By Human Rights Watch
Turkish police attacked and arrested hundreds of people at the Istanbul Pride March on June 26, 2022, in a sweeping display of violence and discrimination against LGBT people, Human Rights Watch said today. The authorities also arrested journalists reporting on the event.
The number of arrests was three times the total during the previous seven Istanbul Pride marches combined. Thirty-four of those arrested were youth under 18, according to Kaos GL, a Turkish LGBT rights group. Local officials had banned the march, citing security concerns and the need to uphold public order. Istanbul Pride, which at its peak in 2014 hosted upwards of 100,000 participants, has been banned since 2015. Despite this ban and a seven-year history of anti-LGBT police violence, LGBT activists took to the streets in protest and to commemorate the 30th Istanbul Pride.
“The Turkish government’s crackdown on Istanbul Pride is the latest in a brutal campaign against LGBT rights activism and freedom of expression,” said Kyle Knight, senior LGBT rights researcher at Human Rights Watch. “Turkish authorities have a responsibility to protect LGBT people and journalists alike, but instead the authorities have acted with aggression and cruelty.”
Before the Pride march, local officials shut down metro stations, ejected people from cafes, and preemptively arrested 52 people just before the parade started. As it began, metal barriers and lines of police in riot gear cordoned off the streets. The journalists’ union, DISK Basin-Is, said that the police beat “many” participants in the march. Police also attempted to prohibit journalists from photographing or recording the event – including by detaining a photographer from Agence France-Presse.
Various human rights organizations reported on Twitter that activists were held in vehicles without air-conditioning for hours and were denied access to food and water. Additionally, Kaos GL reported that lawyers attempting to free those arrested were met with police aggression, prolonging victims’ detention. Some of those arrested were kept in detention overnight, though a robust network of lawyers worked with activists to ensure that all detainees were released within a day.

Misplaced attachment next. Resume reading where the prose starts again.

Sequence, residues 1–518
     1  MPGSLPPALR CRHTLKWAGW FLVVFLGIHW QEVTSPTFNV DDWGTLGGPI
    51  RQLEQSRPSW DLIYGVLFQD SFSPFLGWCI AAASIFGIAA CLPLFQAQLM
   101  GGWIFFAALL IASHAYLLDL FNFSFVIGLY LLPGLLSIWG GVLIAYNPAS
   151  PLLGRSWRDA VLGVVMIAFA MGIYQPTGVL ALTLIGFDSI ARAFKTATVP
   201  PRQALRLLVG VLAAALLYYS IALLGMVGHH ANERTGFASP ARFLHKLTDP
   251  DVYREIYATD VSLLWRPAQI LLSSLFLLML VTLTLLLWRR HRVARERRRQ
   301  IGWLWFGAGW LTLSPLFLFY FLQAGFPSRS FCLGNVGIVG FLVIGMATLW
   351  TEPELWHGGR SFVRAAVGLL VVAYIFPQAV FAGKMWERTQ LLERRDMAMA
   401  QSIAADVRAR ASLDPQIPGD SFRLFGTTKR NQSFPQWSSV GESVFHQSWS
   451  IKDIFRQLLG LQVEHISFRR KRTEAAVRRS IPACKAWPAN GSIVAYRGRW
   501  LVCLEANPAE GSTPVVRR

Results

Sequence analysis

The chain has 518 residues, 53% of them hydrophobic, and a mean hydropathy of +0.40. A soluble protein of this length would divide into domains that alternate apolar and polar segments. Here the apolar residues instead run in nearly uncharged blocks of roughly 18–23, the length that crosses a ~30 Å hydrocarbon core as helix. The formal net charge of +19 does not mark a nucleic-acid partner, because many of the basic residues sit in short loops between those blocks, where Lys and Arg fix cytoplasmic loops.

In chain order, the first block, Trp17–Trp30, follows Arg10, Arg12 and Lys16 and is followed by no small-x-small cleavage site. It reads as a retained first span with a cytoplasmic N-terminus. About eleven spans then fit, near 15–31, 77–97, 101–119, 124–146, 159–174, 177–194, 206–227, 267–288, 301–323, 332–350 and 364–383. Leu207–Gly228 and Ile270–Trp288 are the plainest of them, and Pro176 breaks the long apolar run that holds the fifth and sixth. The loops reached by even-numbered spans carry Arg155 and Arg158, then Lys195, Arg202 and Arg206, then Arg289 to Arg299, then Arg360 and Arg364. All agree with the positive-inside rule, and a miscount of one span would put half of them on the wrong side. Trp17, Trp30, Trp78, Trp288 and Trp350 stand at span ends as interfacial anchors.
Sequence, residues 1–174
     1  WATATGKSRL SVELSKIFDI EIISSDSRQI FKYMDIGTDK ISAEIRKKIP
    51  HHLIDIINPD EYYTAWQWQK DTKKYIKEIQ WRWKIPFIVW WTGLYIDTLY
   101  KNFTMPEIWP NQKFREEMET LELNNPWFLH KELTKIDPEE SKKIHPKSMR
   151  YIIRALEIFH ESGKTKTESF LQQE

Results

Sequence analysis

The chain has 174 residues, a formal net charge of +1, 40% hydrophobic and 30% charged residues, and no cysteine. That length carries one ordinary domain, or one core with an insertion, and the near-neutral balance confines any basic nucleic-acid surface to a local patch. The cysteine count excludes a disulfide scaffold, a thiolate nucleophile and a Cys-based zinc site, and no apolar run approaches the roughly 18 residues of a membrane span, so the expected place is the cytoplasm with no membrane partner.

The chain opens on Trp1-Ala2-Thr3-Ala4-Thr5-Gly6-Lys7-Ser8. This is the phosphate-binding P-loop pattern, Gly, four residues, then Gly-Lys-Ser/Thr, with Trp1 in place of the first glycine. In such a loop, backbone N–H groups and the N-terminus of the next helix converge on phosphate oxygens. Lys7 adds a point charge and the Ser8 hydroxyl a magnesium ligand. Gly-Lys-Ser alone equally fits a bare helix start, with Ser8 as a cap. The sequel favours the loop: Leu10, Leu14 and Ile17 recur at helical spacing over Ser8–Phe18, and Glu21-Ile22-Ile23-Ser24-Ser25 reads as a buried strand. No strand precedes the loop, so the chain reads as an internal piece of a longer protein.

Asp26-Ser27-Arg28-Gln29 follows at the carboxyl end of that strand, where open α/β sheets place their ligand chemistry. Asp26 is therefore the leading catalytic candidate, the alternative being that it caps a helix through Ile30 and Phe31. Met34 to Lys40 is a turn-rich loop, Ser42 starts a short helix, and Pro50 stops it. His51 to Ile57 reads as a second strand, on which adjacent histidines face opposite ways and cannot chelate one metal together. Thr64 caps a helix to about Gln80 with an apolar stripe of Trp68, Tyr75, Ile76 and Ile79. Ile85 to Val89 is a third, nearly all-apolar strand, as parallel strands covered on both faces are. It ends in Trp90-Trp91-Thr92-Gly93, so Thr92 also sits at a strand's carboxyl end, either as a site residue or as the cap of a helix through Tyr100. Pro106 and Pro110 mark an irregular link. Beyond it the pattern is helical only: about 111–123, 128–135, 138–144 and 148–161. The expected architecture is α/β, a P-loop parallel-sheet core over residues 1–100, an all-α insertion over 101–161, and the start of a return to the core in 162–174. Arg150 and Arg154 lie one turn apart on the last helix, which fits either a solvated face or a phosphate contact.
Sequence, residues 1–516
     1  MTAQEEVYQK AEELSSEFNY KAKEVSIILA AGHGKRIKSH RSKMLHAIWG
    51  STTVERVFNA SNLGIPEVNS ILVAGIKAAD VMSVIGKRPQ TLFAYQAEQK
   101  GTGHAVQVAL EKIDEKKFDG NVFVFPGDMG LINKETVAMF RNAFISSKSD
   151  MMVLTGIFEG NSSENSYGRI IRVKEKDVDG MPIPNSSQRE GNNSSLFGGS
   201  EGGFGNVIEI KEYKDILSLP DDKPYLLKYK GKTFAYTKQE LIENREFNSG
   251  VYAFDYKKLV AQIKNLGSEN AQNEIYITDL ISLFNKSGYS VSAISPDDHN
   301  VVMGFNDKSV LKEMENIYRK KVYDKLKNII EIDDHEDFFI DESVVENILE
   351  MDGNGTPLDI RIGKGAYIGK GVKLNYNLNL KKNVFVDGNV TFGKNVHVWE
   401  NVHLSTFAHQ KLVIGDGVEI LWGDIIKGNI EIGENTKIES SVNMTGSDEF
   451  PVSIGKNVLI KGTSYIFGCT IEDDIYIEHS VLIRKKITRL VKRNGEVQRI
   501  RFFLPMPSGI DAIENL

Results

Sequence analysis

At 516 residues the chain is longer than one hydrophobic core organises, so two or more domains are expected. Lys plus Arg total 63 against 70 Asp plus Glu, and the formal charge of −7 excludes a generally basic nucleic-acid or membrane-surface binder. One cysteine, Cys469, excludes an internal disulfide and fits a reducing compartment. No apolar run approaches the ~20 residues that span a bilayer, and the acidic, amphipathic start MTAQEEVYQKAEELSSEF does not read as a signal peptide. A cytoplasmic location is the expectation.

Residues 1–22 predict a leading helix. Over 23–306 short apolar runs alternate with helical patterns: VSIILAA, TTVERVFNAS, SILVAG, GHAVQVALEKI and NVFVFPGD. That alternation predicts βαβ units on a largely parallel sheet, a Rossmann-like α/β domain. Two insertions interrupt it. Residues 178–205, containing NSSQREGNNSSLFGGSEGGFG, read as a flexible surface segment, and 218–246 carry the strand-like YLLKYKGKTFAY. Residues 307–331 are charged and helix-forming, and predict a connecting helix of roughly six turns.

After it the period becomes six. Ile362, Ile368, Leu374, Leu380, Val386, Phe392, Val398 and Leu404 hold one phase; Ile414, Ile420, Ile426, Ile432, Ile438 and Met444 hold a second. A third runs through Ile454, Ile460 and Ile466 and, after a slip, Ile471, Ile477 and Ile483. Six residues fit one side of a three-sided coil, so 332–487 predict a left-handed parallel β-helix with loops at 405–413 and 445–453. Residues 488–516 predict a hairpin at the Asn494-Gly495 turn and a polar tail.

Earlier in June, at an event celebrating the start of Pride Month, police detained members of two LGBT groups, Istanbul LGBTİ+ Onur Haftası, and Trans+ Korteji, in the Kadıköy district of Istanbul. Trans+ Korteji tweeted that officers at the Vatan Police Station physically harmed the activists, and shared photographs of their bruised wrists and legs.
Similar crackdowns at Pride events have occurred across Turkey this June. Police shut down a film screening that was part of the town of Datça’s inaugural Pride week and physically intervened with those who attempted to make a statement to the media. A dozen people were detained at Izmir’s 10th annual Pride march. In Ankara, police used excessive force and fired pepper balls to break up a student-organized Pride march hosted by a local university.
Previously, the Ankara governor had banned all LGBT events and public LGBT-related discussions in the province from 2017 to 2019. A court lifted the ban in April 2019, emphasizing that authorities have a duty to take security measures to protect peaceful assemblies and events – even if there are concerns that such activities may provoke a reaction – rather than simply to ban them. In Istanbul, the prosecutor filed a lawsuit against 19 protesters who joined a Pride march in 2021; this criminal case is still pending.
The crackdowns at this month’s Pride events follow a series of efforts by Turkish officials to quelch LGBT rights activism.
Turkish authorities are pursuing two lawsuits against the Association for Supporting Tarlabaşı Community Center (TTM), an organization that serves women and children, after they organized an event to address issues related to LGBTI+ children in June 2021. Following this event, conservative media outlets opened a smear campaign against TTM, claiming it was perverse and corrupting children.
Subsequently, the Interior Ministry began auditing TTM, which prompted the authorities to file the two separate lawsuits against the organization, seeking to dissolve it. The Istanbul Chief Public Prosecutor’s Office is pursuing the cases on the basis that TTM has become “illegal and immoral.”
In March, at Women’s Day celebrations across the country, participants reported that police prevented people from bringing rainbow-colored objects, LGBT flags, or LGBT-supportive banners to demonstrations and attempted to stop trans women from joining assemblies. At a daytime assembly, police detained five trans women along with four other women who tried to stop the arrests. The same day, Fahrettin Altun, President Recep Tayyip Erdoğan’s communications director, made an anti-LGBT speech, saying that “Families and children [are]targeted through … tolerance for homosexuality propaganda” and calling homosexuality “ugliness.”
In February, an appointed rector closed down a prestigious university’s LGBT club after weeks of protests against the action, and government officials called students who were arrested for an anonymous artwork with LGBT flags “perverts.”
In 2020, the head of Turkey’s Religious Affairs Directorate gave an anti-LGBT sermon about the Covid-19 pandemic. For the last two years, university students have been prosecuted for participating in a campus Pride march in 2019.
“While LGBT rights activists have demonstrated incredible courage and tenacity in the face of government brutality, they should not have to risk their well-being to exercise their fundamental rights,” Knight said. “The government should defend the right to freedom of expression, including by immediately ceasing all violence and discrimination against LGBT people and groups.”
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